Beautiful, culturally resplendent and immensely significant in Portuguese history, Belém is one of the jewels in Lisbon’s crown. In terms of places to visit and sights to see, this elegant area of the city probably holds the record. Situated alongside the River Tagus, at the point where it meets the Atlantic, Belém is the place from which the caravels sailed on their voyage of discovery and in the 16th century life here revolved around the port. Nowadays it is an area of leisure and recreation where historical monuments lie cheek and jowl with modern museums, contemporary art exhibitions and busy cafes.
The momentous occasion of the discoveries is celebrated in the Monument to the Discoveries, erected in 1960 on the 500th anniversary of the death of Henry the Navigator, the instigator of the Portuguese adventures into the unknown. This towering, white monument is shaped like one of the famous caravels and points out to sea, its giant stone-carved crew prominent characters from Portuguese history such as the poet Camões, the navigators Vasco da Gama and Magalhães, kings Alfonso V and Manuel I, and at its prow Henry the Navigator himself.
Further along the riverbank is the Torre de Belém (Tower of Belém). This ornate and distinctively shaped tower was originally designed in 1514 as a formidable fortress and key to the defence of the estuary mouth. As the bank has pushed out towards it over the years it has become less of an island defence but its unique beauty has earned it UNESCO world heritage status and the reputation for being one of the beguiling examples of military architecture the world over. The stonework of the exterior is the major attraction with ornate balconies, Manueline rope shapes, animals and shields. Each corner boasts a sentry post with evident Moorish style and from the inside panoramic views of the river and much of the city can be gained.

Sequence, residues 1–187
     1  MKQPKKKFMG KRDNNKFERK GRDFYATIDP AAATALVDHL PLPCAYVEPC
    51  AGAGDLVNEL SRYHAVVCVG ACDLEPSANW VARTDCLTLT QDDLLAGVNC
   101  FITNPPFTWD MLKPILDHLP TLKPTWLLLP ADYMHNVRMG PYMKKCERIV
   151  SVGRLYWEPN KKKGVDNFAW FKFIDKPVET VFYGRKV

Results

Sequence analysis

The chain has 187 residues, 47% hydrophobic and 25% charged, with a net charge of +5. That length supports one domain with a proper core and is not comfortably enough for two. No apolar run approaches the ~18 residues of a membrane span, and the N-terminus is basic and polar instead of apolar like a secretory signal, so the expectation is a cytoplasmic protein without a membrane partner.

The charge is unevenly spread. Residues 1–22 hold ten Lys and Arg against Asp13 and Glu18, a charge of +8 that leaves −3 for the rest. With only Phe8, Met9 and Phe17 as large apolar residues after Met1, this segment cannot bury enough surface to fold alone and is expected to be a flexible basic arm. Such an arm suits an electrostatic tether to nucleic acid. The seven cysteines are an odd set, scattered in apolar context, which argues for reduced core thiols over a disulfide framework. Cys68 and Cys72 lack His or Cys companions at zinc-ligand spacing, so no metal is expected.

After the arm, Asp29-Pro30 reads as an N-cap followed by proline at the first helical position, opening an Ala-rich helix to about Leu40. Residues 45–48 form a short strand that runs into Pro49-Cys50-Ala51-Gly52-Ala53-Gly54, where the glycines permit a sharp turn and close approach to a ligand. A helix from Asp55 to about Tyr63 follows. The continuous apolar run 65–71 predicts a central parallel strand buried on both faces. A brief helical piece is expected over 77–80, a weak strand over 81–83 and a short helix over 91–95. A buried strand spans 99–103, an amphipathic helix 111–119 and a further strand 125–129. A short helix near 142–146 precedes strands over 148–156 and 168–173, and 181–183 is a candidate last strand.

Also honoured bearer of UNESCO world heritage status is the magnificent and immense 16th century Hieronymite Monastery. Taking almost 100 years to build, the colossal size and ornate decoration of the Mosteiro dos Jerónimos reflect the prosperity of the Portuguese kingdom and empire at that time, and it was created to honour the brave navigators who helped bring Portugal to that desirable status in the world. Again principally Manueline in style, it contains some charming cloisters, impressive statues and much masterfully carved stonework. Two of the most famous Portuguese sons are also entombed here. Vasco da Gama, the first voyager to India, and Luís de Camões, who captured the feats of the Portuguese explorers in his epic poem Os Lusíadas.
On a more modern tip, the striking Cultural Centre of Belém (CCB), built for Portugal’s presidency of the EU in 1992, hosts many cultural events and shows including international art exhibitions, world famous music and theatre and congresses. It has an impressive permanent exhibition of design, an extensive bookshop, various culturally inspired boutiques and the restaurant terrace looks out over the river.
No trip to Belém would be complete without sampling the delectable Pasteis de Belém – warm custard tarts with a light crunchy casing, served in old-fashioned tiled rooms dating back to the mid 1800s. The recipe remains a secret and they are famous the world over and enjoyed by the people of Lisbon who often make this beautiful café a part of their Sunday outing.
Also in this Belém are some lovely green areas and tailored gardens enjoyed by strollers, teenagers, children and visitors alike as well as lush tropical gardens and Lisbon’s Electricity Museum, which is housed in an old redbrick power station architecturally distinct from most other buildings in the city. The Ajuda Palace offers another fine example of the splendour of the 18th century in Portugal and the Coach Museum nearby has the world’s finest collection of royal horse-drawn carriages